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Celebrating Minority Mental Health Awareness Month: 5 Ways to Elevate Inclusion and Belonging

"Mental health…is not a destination, but a process. It’s about how you drive, not where you’re going." — Noam Spencer, PhD
Three coworkers cheerfully collaborating in front of a laptop

Did you know that July is Minority Mental Health Awareness Month? By shedding light on the unique mental health challenges faced by minority communities, we aim to raise awareness and promote inclusivity. Join us as we explore strategies for creating a workplace that nurtures mental wellness, embraces belonging, and the richness of diverse perspectives.

5 Ways to Elevate Inclusion and Belonging

1. Employee Resource Groups (ERGs): Establish or support existing Employee Resource Groups that focus on mental health and well-being, specifically for minority employees. ERGs provide a safe space for individuals to share their experiences, challenges, and coping mechanisms.

2. Inclusion and Belonging Training: This training should focus on educating the workforce about different cultures, life experiences, and mental health challenges that minority individuals may face. By fostering empathy and understanding, you can create a more compassionate workplace. Learn more about our DEIB series workshops: How We Connect: Elevating a Culture of Inclusion and Belonging.

3. Cultivate a Stigma-Free Culture: Work towards eliminating the stigma associated with mental health. Foster an atmosphere where open discussions about mental well-being are encouraged, and taking a mental health day is embraced. Leaders and managers should set an example by speaking openly about their mental health and encouraging others to do the same.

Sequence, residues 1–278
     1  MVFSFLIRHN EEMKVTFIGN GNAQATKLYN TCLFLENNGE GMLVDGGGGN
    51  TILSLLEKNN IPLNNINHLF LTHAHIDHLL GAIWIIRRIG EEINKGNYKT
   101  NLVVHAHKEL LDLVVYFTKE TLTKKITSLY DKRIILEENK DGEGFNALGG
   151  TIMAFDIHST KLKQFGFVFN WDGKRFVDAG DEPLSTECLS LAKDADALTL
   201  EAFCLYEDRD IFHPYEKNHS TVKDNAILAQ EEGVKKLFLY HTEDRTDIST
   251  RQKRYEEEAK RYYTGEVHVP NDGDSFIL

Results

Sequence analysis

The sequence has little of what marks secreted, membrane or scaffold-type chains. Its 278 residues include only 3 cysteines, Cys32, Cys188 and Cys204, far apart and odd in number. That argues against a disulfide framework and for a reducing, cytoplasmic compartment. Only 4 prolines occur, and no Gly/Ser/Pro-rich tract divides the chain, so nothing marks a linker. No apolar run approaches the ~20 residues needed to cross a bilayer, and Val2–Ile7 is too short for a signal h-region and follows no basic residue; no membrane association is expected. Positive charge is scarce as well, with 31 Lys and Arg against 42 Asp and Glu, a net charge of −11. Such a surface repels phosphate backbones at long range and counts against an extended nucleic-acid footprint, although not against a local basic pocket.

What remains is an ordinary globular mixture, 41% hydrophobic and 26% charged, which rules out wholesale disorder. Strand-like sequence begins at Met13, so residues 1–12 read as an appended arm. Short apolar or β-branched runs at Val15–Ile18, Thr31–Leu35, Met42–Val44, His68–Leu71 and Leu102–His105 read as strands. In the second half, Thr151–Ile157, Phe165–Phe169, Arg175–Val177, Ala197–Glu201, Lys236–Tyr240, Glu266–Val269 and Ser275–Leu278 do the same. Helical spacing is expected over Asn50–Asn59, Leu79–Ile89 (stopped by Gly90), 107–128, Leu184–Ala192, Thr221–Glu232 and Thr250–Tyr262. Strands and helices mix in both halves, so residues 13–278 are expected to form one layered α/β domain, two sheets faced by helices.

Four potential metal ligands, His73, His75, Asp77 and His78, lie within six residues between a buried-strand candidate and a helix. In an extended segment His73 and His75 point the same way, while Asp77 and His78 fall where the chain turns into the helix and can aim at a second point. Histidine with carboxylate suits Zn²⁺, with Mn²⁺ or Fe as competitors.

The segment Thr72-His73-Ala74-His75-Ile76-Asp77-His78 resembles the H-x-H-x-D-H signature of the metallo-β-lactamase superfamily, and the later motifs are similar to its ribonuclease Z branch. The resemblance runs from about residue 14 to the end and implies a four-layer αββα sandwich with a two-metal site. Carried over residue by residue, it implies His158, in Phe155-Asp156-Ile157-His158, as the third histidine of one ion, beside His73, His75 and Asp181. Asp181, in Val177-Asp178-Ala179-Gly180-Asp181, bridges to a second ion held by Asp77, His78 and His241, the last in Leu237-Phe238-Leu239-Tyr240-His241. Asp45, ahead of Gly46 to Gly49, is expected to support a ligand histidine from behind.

4. Mental Health Resources and Support: Ensure that employees have easy access to mental health resources. Collaborate with mental health professionals or organizations to provide workshops, counseling sessions, or webinars on topics related to minority mental health. Check out our Elevating Mental Health in the Workplace workshop!

5. Flexible and Inclusive Policies: Review and update workplace policies to be more flexible and inclusive towards minority employees' mental health needs. This could include flexible work hours, remote work options, or additional time off during challenging times. Recognize that different individuals may require different accommodations and be prepared to address those needs.

"In 2021, it is estimated that only 39 percent of Black or African American adults, 25 percent of Asian adults, and 36 percent of Hispanic/Latino adults with any mental illness were treated, compared to 52 percent of non-Hispanic white adults."

Creating an inclusive and supportive workplace for minority mental health is an ongoing process that requires commitment from leadership and the entire workforce. It's essential to listen to feedback from employees and continuously improve the strategies in place!


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